The daffodils are blooming outside. It's March 10th, and the daffodils have been in bloom for several days. And to think I was told the winters would be harsher in my move north. Good bye Winter, hello Spring and walks and - oh, hi there Winter.
This morning our routine found us on the edge of preparedness at the edge of the doorstep with seconds to spare. The door opened and the cold air froze us. I pulled out my phone to open the weather app(how did anyone get kids dressed before smart phones?). My concerns were validated. I turned to the kids in expectation of wailing and gnashing of teeth amidst a rushed scavenger hunt for the long since buried hats and gloves. To my surprise, the kids took the task in stride. It was as though the novelty of the cold air crystallized their memories. There were no, 'the gloves are lost and I'm going to die' performances worthy of an Oscar nomination. The kids just rolled with it. And I found myself more surprised than daffodils waving in the Winter air.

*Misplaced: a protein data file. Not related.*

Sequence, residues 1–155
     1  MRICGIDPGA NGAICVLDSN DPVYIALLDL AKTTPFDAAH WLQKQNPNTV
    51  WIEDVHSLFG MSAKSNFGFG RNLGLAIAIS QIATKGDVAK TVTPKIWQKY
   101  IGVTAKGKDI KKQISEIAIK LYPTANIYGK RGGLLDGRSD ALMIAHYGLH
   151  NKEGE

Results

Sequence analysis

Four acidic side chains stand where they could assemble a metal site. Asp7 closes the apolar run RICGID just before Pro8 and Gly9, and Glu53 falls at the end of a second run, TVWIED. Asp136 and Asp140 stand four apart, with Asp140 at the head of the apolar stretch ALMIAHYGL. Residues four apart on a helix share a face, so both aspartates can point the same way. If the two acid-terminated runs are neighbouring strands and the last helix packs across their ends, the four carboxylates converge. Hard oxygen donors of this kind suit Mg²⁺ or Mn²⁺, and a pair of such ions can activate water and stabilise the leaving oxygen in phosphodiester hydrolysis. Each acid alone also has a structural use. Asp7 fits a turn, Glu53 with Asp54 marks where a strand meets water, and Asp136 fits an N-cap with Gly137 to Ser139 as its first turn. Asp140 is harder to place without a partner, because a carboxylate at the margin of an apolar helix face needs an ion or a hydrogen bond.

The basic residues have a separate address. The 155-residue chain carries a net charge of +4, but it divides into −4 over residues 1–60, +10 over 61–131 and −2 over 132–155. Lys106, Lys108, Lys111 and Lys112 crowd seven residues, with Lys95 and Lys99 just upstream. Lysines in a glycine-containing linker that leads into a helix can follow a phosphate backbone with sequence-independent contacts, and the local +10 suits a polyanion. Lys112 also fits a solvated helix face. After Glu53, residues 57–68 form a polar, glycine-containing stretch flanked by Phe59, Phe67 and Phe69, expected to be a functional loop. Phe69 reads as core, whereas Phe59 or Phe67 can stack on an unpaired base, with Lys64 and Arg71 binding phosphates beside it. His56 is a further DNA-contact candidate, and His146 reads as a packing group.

In the surprise, I re-membered a lesson I have too often forgot. One which those younger in years seem to teach so selflessly. The world changes. Constantly and without our permission. We who live through the changes do not like how the change can disrupt our otherwise programmed lives. We organize, categorize, summarize, and otherwise control the variables. The constant march of time has been segregated into islands we jump from and to - this year, this month, this day, this hour, this minute. We order ourselves by grade, age, teenagers, the twenties, over the hill, and senior citizens. The ever shifting weather has sunny, cloudy, and rainy days to go along with the four seasons. And then it changes any ways.
Yet kids seem not to be so concerned with the change as the wonder of the moment. Its as though they take what God gives us all and delight in it while the rest of us try to arrange it in a way we like. Yes, kids need guidance and reminding and reminding and reminding, but they have a tendency to accept what is in front of them while we may fear or retreat or avoid or deny. Perhaps we need gladly seek out what keeps us warm in the winters of grief when the joyous spring of newness has run its course. Perhaps this is why Jesus said to let the little children come to him.
I do not know how I let myself get surprised by the weather here in Indiana. I pray I can do better at being present to whatever changes come my way.